Dr Graham Spencer and David Carpenter of the University of Portsmouth are delighted to be invited to Portsmouth Cathedral where the Very Reverend David Brindley, The Dean of Portsmouth is kindly hosting a conference asking ‘is reconciliation in a post-conflict Northern Ireland possible.‘To work towards the common good is to work for peace’ – Jean Vanier
Although there has been recognition of the need to develop reconciliation in Northern Ireland there has been no convincing explanation of what this might mean or how it would work. It is clear that the political parties are unable to come to agreement on reconciliation given their divisive and contradictory positions but can the Christian churches find a way of talking about reconciliation which will help build peace and tolerance?
This day of presentations from leading academics and clergy will consider the problems of defining reconciliation politically in Northern Ireland before then exploring the role of Catholic and Protestant churches in the ‘reconciliation debate’. The day will be dedicated to exploring Catholic and Protestant perspectives on reconciliation and will question whether a consensual framework drawn from religion rather than politics is possible and would indeed better help Northern Ireland to deal with its past and the legacy of conflict. Register your place via Eventbrite.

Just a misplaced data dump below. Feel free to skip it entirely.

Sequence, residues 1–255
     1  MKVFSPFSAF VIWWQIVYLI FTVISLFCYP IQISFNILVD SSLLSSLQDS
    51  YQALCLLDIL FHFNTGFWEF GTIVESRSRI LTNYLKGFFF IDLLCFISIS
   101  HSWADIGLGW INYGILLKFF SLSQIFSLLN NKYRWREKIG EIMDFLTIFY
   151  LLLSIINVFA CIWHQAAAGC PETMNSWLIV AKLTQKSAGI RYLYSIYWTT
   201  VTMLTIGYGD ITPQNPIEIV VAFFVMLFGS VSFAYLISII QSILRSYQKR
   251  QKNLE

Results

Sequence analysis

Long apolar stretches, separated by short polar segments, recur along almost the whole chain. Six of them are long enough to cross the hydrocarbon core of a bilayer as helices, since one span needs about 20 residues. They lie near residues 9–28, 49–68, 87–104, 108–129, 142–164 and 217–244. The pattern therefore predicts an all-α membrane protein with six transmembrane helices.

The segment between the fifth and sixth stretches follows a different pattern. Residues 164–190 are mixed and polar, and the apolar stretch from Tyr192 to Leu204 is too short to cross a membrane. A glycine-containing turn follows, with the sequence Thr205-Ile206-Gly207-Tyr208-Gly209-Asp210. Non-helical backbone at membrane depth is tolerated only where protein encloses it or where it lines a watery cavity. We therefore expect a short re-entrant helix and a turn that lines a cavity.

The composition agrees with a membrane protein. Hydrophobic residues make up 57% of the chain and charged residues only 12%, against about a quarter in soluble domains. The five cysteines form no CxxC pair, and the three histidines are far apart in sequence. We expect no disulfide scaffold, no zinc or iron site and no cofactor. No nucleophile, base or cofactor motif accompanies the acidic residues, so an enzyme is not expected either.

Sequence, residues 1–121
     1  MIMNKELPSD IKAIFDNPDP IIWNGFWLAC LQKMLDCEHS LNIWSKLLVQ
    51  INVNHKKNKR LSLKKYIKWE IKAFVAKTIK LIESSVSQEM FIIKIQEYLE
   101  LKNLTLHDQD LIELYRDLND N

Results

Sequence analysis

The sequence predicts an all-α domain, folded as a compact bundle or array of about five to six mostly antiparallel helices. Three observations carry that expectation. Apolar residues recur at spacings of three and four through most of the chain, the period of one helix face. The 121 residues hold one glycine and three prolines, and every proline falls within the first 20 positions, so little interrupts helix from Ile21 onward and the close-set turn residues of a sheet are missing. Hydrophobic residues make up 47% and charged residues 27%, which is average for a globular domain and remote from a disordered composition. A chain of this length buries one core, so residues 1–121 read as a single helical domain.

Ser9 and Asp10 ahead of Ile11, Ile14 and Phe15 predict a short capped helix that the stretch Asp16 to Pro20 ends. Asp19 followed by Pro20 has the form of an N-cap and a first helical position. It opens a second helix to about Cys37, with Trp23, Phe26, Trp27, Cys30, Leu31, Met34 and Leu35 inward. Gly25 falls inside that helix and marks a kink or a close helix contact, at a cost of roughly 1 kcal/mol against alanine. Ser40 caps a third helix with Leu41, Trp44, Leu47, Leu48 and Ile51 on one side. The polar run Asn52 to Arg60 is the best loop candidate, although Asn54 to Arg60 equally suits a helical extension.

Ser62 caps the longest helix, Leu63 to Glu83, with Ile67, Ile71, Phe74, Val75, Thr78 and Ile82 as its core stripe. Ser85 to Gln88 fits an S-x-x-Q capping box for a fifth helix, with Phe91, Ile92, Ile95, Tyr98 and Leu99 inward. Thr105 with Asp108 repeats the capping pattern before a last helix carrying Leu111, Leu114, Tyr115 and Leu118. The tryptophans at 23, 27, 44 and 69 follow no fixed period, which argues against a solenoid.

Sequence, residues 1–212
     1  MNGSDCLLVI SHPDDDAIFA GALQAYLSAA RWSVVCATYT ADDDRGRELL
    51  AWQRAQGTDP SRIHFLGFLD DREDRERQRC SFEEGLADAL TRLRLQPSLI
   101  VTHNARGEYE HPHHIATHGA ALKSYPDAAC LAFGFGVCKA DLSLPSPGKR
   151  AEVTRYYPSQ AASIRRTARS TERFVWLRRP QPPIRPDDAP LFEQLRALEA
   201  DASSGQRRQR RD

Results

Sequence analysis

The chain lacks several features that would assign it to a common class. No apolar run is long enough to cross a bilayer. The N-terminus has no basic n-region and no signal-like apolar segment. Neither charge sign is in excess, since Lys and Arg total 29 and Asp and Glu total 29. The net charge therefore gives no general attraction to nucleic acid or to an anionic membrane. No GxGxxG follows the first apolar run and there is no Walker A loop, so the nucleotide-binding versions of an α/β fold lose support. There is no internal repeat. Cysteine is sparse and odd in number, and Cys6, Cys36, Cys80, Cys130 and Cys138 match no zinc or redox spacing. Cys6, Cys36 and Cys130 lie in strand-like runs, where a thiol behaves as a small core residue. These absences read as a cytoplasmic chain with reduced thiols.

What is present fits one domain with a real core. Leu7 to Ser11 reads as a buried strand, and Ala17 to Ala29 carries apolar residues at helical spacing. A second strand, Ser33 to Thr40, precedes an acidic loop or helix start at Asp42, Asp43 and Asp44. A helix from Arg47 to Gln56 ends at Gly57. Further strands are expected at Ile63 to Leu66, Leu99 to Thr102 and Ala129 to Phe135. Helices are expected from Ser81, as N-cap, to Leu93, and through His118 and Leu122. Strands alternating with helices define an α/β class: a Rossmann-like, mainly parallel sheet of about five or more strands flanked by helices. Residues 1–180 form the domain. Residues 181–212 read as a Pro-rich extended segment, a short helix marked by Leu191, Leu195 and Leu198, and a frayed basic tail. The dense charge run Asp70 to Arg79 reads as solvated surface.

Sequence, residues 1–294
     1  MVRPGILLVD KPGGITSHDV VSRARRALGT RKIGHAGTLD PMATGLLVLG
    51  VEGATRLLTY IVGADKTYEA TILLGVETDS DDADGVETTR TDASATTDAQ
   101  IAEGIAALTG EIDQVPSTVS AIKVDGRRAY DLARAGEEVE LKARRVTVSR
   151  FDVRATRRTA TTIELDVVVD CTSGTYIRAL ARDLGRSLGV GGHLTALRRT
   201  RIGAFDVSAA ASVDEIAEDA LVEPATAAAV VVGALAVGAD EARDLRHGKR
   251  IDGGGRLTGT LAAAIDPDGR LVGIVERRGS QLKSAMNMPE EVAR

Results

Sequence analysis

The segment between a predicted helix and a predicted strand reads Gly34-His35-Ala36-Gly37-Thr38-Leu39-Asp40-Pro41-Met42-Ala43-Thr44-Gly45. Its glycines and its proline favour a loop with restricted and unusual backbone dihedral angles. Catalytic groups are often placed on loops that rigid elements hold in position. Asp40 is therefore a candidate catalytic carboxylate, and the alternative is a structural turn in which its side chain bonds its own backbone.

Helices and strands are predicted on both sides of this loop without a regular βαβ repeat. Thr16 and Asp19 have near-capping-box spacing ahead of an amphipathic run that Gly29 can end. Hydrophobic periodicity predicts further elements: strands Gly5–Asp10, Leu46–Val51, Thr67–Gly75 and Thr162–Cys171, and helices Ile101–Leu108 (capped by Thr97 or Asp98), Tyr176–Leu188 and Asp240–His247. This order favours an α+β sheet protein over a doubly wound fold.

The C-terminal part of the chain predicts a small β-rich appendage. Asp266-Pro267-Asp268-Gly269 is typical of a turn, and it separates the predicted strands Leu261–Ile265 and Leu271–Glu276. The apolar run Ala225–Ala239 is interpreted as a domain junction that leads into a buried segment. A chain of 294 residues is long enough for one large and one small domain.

Outline of the day:
10.00 Very Reverend David Brindley, The Dean (Portsmouth Cathedral) and David Carpenter (University of Portsmouth) – Introduction
10.15 Dr Graham Spencer (University of Portsmouth) – Reconciliation and the problem of definition
11.45 Coffee & Tea
12.00 Connal Parr – (Northumbria University and Oxford) – Performance as Reconciliatory Space
12.30 Baroness May Blood – The Need for Integrated Education and the educational deficit in Protestant working-class communities.
14.15 Denis Bradley and Lord Robin Eames – The Consultative Group on the Past and addressing the pain of conflict
15.15 Discussion with the Panel and invited guests on whether an agreed concept of reconciliation is possible in relation to dealing with the legacy of conflict.
16.15 David Carpenter – Closing remarks and summing up
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